Fast finish erases unorthodox start

Wednesday, November 10, 2004 | 12:00 a.m. CST; updated 7:27 a.m. CDT, Saturday, July 5, 2008

The performance that earned the Columbia College volleyball team its first 45 points against Williams Baptist College couldn’t be called inspired.

But the performance that earned the Cougars their last 45 points couldn’t be called anything but inspired.

“That was one of our most Jekyll-and-Hyde performances all year,” Cougars coach Melinda Wrye-Washington said. “Still, the match only took 48 minutes to complete.”

The Cougars won Game 1 30-20 and trailed in Game 2 15-17, falling behind a team with a 1-13 record in American Midwest Conference play.

But the Cougars closed out Game 2 with a 15-1 run and finished the match with a 30-10 win in Game 3.

The dual nature of the match is something Wrye-Washington and her players said has been a trend all year for the No. 3-ranked Cougars.

“Again, we were mentally not there,” senior setter Tracie Ford said. “That team should never score more than 10 points in a game against us.”

Columbia College will face the winner of the Missouri Baptist University/William Woods University match at 7 p.m. Friday at The Arena of Southwell Complex.

The Cougars started the match with a 6-0 run and did not allow the Eagles to get any closer than three points in the opening game. Sophomore outside hitter Doris Wefwafwa finished off the game for the Cougars, scoring four of the team’s final five points and winning point on an ace.

Despite her play at the end, Wefwafwa downplayed her contribution in the game.

“That type of team I should not have to step up against because everyone should be playing well,” Wefwafwa said. “We slipped but we didn’t fall.”

Wefwafwa started strong in Game 2, scoring the Cougars’ first three points, but the Eagles took the lead with their unique style of play, keeping the lead until the halfway point of the game.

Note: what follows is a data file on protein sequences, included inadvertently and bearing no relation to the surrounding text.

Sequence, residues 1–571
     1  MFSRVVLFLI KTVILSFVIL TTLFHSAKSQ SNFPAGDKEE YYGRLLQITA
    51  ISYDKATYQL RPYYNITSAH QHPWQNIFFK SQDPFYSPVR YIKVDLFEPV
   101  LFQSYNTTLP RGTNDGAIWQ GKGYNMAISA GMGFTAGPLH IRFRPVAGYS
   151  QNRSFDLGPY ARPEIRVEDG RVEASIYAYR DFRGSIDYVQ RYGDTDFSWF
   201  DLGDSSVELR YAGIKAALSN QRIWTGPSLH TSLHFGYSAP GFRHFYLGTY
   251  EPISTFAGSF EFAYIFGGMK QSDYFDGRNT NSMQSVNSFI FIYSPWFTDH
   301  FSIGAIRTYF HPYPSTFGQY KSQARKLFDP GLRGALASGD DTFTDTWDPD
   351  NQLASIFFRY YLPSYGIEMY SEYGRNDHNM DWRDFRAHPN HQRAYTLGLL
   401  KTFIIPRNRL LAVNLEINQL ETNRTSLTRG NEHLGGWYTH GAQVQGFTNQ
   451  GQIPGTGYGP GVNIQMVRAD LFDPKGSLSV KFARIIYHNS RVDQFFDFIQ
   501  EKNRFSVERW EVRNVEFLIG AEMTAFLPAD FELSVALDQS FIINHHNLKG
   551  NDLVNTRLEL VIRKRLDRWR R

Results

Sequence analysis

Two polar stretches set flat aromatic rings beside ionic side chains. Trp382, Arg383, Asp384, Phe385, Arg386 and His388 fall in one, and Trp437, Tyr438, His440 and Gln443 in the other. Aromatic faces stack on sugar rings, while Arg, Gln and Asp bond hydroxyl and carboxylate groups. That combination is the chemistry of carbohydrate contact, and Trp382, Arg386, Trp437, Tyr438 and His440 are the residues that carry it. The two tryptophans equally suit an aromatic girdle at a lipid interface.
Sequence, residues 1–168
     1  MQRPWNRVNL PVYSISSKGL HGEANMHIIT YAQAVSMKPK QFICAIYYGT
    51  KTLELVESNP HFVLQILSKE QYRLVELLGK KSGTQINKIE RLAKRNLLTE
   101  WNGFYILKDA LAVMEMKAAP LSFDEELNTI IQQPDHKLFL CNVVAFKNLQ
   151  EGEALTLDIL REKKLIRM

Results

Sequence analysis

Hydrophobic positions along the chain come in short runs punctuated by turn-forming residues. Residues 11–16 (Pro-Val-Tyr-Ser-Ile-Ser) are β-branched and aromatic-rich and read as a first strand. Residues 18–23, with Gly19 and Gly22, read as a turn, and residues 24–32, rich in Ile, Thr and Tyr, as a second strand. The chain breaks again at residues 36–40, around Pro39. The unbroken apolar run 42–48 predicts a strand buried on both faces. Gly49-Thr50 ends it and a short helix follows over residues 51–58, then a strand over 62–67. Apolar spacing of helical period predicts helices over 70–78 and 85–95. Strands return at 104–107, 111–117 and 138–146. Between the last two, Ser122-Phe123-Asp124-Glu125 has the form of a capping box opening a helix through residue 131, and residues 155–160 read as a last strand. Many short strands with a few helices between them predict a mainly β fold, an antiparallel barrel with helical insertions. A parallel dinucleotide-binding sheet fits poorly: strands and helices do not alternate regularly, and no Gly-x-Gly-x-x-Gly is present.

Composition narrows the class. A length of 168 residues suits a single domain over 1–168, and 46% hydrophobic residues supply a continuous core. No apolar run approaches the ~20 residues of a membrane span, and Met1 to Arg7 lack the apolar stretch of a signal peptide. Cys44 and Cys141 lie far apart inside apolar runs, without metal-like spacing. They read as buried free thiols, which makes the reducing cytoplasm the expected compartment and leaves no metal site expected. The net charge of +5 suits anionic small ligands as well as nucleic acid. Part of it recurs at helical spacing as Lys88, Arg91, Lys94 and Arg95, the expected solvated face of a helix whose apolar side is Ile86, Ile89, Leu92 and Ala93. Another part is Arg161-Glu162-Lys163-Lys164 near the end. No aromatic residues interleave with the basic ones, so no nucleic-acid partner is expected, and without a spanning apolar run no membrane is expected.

“You can’t look good against a team like that,” Wrye-Washington said. “They play so slowly and so unorthodoxly that your timing is off because you’re preparing for better teams.”

Senior middle blocker Shana Aubrey started the comeback with a pair of authoritative kills and an ace, giving the Cougars their first lead at 18-17. When Aubrey finished serving the Cougars led 22-18, and after a quick sideout, Ford served seven straight points to close out the game.

Senior outside hitter Jacqueline Makokha won game point for the Cougars with a touch block after the Eagles weakly returned Ford’s serve.

“When we were trailing we realized we needed to do whatever we needed to do, and we started doing it,” Aubrey said. “Our mistakes were keeping them in this game.”

The Cougars started the last game on a 12-3 run and had a double-digit lead for the majority of the game. The Cougars were also able to rely on authoritative kills instead of trying to place attacks around the Williams Baptist block.

Wefwafwa looked to win game point for the Cougars with a high-velocity kill after the Eagles were unable to control Makokha’s serve and returned it lazily to a waiting Wefwafwa. As the Cougars walked off the court, the linesman called Wefwafwa for being in the net and the Eagles were given one last chance.

A Makhoka kill on the next point ended that chance and completed the sweep for the Cougars.

Four players finished with double-digit kills, led by Aubrey’s 14, and Ford finished with 49 assists.

“It’s important to have balance,” Ford said. “Otherwise a team will just focus on the one hitter they know the ball is going to.”

Junior outside hitter Renee Zimmerman saw her fist action since Oct. 18 against McKendree College. Zimmerman had three kills in the match after she replaced junior outside hitter Tracy Branson to start Game 2.

“She did what we asked her to do,” Wrye-Washington said. “She played hard.”

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